Jasmine Norton: Because those are the things that I saw in New York that brought everybody together. So like anytime you walk past our stand at a festival or a farmer's market, I have my JBL Bluetooth speaker, we're jamming, we're partying, we're serving good food even in the restaurant because those are the things that I see could change the narrative. So that was my small way of, you know, contributing to charity in the narrative. And so where I have ran away from a family and brought it back. And so, that's basically how I birth did by being in a very uncomfortable place.

Kerry Diamond: All New York's loss, obviously Baltimore's gain. So Chef Donna, a real hot word these days is pivot. Everybody talks about pivoting. You pivoted.

Donna Crivello: I pivoted-

Kerry Diamond: Two years ago into food. Can you tell us about your pivot?

Donna Crivello: Well, it was more than few years ago I'd say. Well, I've always been interested in food from the time I was very young. I was surrounded by my grandmother Cosma and my mother, who was a great cook and still was cooking tonight when I called her, she was getting dinner ready. And so I came to Baltimore in 1984 to work at the Baltimore sun. I had been working at the Boston globe, and I came as a designer, art director, food stylist, which I love the Fe. My favorite part of that was food styling.

Donna Crivello: In the early 80s, mid 80s, I went to Sicily for the first time and saw where my grandmother had lived and I was inspired by being incessantly for the first time. And I thought about writing a Sicilian cookbook because at the time there were no Sicilian cookbooks. Never did that, but wrote articles and kind of had all of this kind of going on the back of my mind, worked at the son, loved being there, loved food styling and bringing the paper to a level that had great visuals and great people at the sun. But as I got to do more, I was going to more meetings and I wasn't doing designing and it wasn't very creative and computers came, if you can imagine there were no real computers at the time.

Donna Crivello: And page design became not sketching and designing but sending in a computer, and they offered a bio. And at the time I had a small catering business on the side with a friend and I was at a big meeting where they were talking about the buyout and my friend Elizabeth Large, who was the food critic at the time, tapped me on the shoulder and said, "You should take it." You know, looking at me, I can't take it. Weeks went by and she had a dinner and introduced me to my longtime partner, Alan Hirsch, who actually was the city paper founder. And he and I both loved coffee, food, everything that we felt Baltimore didn't have at the time.

Donna Crivello: And we said, "Yeah, we are going to do something like this. Something with coffee, something where you'd sit down and you'd get a sandwich on really good bread or a salad with really good greens. And believe it or not, this predated Starbucks. This predated everything that I had seen at the time. And one day I had just kind of had enough at the sun with whatever was going on and I said, "I'm taking the buyout." And I took the buy out at the end of 91 and in the end Alan and I got together and really came up with our ideas and we opened the first on is cafe in 1992, and had more Donna then, I could manage at the time but we did and they all were doing great and had highs and lows.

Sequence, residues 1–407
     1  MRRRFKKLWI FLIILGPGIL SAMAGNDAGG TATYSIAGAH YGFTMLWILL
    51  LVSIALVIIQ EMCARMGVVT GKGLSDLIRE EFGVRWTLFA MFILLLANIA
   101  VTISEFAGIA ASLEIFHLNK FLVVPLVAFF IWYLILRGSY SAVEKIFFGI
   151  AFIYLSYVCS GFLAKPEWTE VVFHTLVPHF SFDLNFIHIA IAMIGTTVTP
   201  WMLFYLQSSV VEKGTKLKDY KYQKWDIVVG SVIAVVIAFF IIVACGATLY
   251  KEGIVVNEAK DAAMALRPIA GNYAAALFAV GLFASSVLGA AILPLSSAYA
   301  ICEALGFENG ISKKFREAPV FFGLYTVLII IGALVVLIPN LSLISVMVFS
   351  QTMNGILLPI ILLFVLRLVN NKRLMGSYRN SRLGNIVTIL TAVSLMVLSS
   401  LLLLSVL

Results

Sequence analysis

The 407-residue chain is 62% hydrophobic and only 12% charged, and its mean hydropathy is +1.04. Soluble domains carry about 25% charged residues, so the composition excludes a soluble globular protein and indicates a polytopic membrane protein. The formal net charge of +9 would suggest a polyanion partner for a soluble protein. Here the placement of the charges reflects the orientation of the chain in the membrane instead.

Donna Crivello: And then about four or five years ago, the developer of mill number one came to me at cross keys. He was having dinner and he said, "I'm developing this space and it would be a great place for an Italian restaurant. So we went to look at it, and you drive down the driveway and it's cobblestone and it feels like you're transported to Sicily. We got other people involved. Judy Golding is actually the owner and a wonderful woman who I wish could have been here tonight, but she's taken a couple of days off, and she saw the beauty in the space and we together came up with the idea. And when we were thinking of names for it, we said, well, what was your grandmother's name? And I said, Cosa was just, that's it.

Donna Crivello: So now, years later, those recipes and the ideas that I had when we were Sicily and I was back about four times since, are now on the menu. And then part of Cosimo's so we don't have Donna's anymore. But you know, we're realizing this great woman and other great women, like your grandmother and everybody's mother or anybody who kind of touched them with food. You know, we're seeing now through this. So, it was a transition. But it seems like there've been lots of transitions, but I think you still have that core of something is creative, something touches you and, and you feel like you're touching other people with that.

Kerry Diamond: When you mentioned that you had a catering business on the side, so you also had a side hustle before anybody-

Donna Crivello: That's right.

Kerry Diamond: Before anybody called it a side hustle.

Donna Crivello: Yeah. I'm too old, I think.

Kerry Diamond: So, since this is the food for thought tour, and as I mentioned earlier, we wanted to find out what was on everyone's minds. Amanda, we're going to toss this question to you. What is foremost on your mind right now in terms of the food world? Like what are you consumed with? What are you thinking about? Where do you want to make change?